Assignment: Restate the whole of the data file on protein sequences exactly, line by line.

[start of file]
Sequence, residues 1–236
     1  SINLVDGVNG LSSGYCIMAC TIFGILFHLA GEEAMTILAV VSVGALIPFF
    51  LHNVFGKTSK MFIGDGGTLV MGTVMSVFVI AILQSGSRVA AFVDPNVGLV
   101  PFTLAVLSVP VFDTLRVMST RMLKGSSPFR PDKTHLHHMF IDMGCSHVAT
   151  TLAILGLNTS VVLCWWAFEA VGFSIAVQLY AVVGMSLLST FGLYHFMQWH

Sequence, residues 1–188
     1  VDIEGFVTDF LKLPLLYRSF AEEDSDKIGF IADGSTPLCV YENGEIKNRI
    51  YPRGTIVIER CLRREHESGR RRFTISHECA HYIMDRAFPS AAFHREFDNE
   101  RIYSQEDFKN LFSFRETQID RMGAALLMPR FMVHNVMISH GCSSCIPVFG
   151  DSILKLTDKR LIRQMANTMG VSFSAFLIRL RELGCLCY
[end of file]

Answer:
Sequence, residues 1–236
     1  SINLVDGVNG LSSGYCIMAC TIFGILFHLA GEEAMTILAV VSVGALIPFF
    51  LHNVFGKTSK MFIGDGGTLV MGTVMSVFVI AILQSGSRVA AFVDPNVGLV
   101  PFTLAVLSVP VFDTLRVMST RMLKGSSPFR PDKTHLHHMF IDMGCSHVAT
   151  TLAILGLNTS VVLCWWAFEA VGFSIAVQLY AVVGMSLLST FGLYHFMQWH

Sequence, residues 1–188
     1  VDIEGFVTDF LKLPLLYRSF AEEDSDKIGF IADGSTPLCV YENGEIKNRI
    51  YPRGTIVIER CLRREHESGR RRFTISHECA HYIMDRAFPS AAFHREFDNE
   101  RIYSQEDFKN LFSFRETQID RMGAALLMPR FMVHNVMISH GCSSCIPVFG
   151  DSILKLTDKR LIRQMANTMG VSFSAFLIRL RELGCLCY